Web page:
Norway and the European Union Term Paper

However, since its independence in 1905, Norway has worked towards building a strong economic base for its economy, although farmers and farming, too, continue to be strong identities in the nationalistic perception of Norwegians, its fishing industry, oil production and other natural resources. Norway’s fishing industry is strong, although the country has some concerns about pollution and environmental issues, they’re not strong or serious enough to adversely impact Norway’s fishing economy.

First Attempts to Join the EC

At its inception, in 1948, the European Union was known as has the European Community, the EC; that a fully integrated Norway would mean economic enlargement for the EU. It offered attractive benefits to the European nations, and initially those benefits were comprised of a unified security system and economic incentives. One of the most appealing benefits for Norway, certainly appealing to Norway’s farmers, is a subsidized farm plan that would generate income for Norway’s farmers who are impacted by the geographical region and the climate conditions, two factors that keep Norway’s farmers at an otherwise low economic level of contribution to Norway’s overall economy

The laws that govern the EU’s subsidy programs are complex, and while they may at first appear as an incentive to Norwegian farmers, the rules governing subsidies are based on the WTO rules, and “provides for the imposition of duties when subsidized imports cause or threaten to cause material injury to the Community industry producing goods like the imported ones and the imposition of such duties would be in the Community interest (Henry, Hyett, and Macleod, 1996, 281). Based on that language, Norway’s farmers would enjoy some measure of economic protection and benefit should Norway fully integrate. It is this kind of incentive that has turned some Norwegians in favor of full integration.

In 1950 when the European Union was evolving from a concept into an organization, the Norwegian government was not adverse to the idea of being a member, but rejected the idea of surrendering its economic and political decision making powers to a European body that might not look out for Norway’s best interest (Gsthol, 2002, p. 46).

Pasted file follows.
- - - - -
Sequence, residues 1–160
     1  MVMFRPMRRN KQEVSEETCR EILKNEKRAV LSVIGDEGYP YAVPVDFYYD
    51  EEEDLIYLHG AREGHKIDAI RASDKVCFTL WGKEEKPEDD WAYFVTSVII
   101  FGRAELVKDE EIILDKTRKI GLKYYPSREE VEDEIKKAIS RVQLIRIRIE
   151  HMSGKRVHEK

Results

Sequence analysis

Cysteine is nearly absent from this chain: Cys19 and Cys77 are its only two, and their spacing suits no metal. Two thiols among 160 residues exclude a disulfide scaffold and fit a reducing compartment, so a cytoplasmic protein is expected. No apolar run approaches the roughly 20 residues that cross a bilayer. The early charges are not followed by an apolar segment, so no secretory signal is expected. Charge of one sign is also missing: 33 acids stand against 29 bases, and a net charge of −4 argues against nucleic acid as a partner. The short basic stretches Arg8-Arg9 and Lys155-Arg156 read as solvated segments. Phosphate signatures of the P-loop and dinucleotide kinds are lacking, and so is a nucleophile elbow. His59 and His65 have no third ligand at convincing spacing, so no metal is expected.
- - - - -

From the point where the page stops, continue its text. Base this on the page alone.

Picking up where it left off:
Norway and the EFTA

As has already been mentioned, from its inception the EC/EU represented the potential for economic success and power by pulling together its member nation-state’s economic resources that, together, would make Europe the most formidable market economy in the world. Unfortunately, for nations like Norway, the quid pro quo of what Norway would bring to the table vs. The return on that contribution, versus the potential loss in non-economic areas, was too great for Norway to consider either its fishing industry or natural resources, or worth surrendering its political autonomy.

EFTA, European Free Trade Association, is the response of the European nations that did not immediately join the EU/EC. The effort to unify the European countries initially divided, rather than unify Europeans in perspectives as regards the EC/EU (Gsthol, 2002, 2). Perhaps even to some extent to cause unification of the divided through the employment of certain economic measures that, if successful, could negatively impact the economies of the countries who resisted the philosophy of the EC/EU, the EC went for the long-term economic position of favoring “supranational customs union with the long-term objective of a political union (Gsthol, 2002, 2). Those countries that resisted the EC, again, consisting of Great Britain, Austria, Denmark, Norway, Portugal, Sweden and Switzerland; responded with EFTA, European Free Trade Association (Gsthol, 2002, 2). It was their goal that EFTA would keep open the European markets to free trade, perhaps ignoring the EC/EU objectives and goals (Gsthol, 2002, 2). However, it was just the following year that Great Britain, Norway and Denmark (and Ireland) joined the EC (Gsthol, 2002, 2). This does not mean that they “fully integrated,” only that they applied to be members (Gsthol, 2002, 2). Their application was vetoed by France, who vetoed the EFTA countries the second time they applied too (Gsthol, 2002, 2). It was only after the resignation of DeGaulle that the EFTA countries were admitted, but by that particular point in time Norway responded to its country’s adverse reaction to the notion of joining, and did not reapply to join the EC (Gsthol, 2002, 2). By 1984, the EC and EFTA countries had entered into free trade agreements (FTAs), which proved successful and served to bind those EFTA countries, whose membership had increased, with the EC, if not in a formal manner, at least with respect to certain economic measures as governed by the FTAs (Gsthol, 2002, 2).